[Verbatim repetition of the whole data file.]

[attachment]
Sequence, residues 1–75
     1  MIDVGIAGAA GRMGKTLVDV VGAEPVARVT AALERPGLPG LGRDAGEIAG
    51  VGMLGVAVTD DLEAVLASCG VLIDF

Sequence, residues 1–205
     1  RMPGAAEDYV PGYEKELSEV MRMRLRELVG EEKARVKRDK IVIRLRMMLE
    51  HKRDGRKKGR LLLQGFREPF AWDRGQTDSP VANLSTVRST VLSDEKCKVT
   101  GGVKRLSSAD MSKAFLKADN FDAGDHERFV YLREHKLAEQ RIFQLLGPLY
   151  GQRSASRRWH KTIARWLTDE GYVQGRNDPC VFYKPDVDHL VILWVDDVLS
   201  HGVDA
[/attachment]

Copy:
Sequence, residues 1–75
     1  MIDVGIAGAA GRMGKTLVDV VGAEPVARVT AALERPGLPG LGRDAGEIAG
    51  VGMLGVAVTD DLEAVLASCG VLIDF

Sequence, residues 1–205
     1  RMPGAAEDYV PGYEKELSEV MRMRLRELVG EEKARVKRDK IVIRLRMMLE
    51  HKRDGRKKGR LLLQGFREPF AWDRGQTDSP VANLSTVRST VLSDEKCKVT
   101  GGVKRLSSAD MSKAFLKADN FDAGDHERFV YLREHKLAEQ RIFQLLGPLY
   151  GQRSASRRWH KTIARWLTDE GYVQGRNDPC VFYKPDVDHL VILWVDDVLS
   201  HGVDA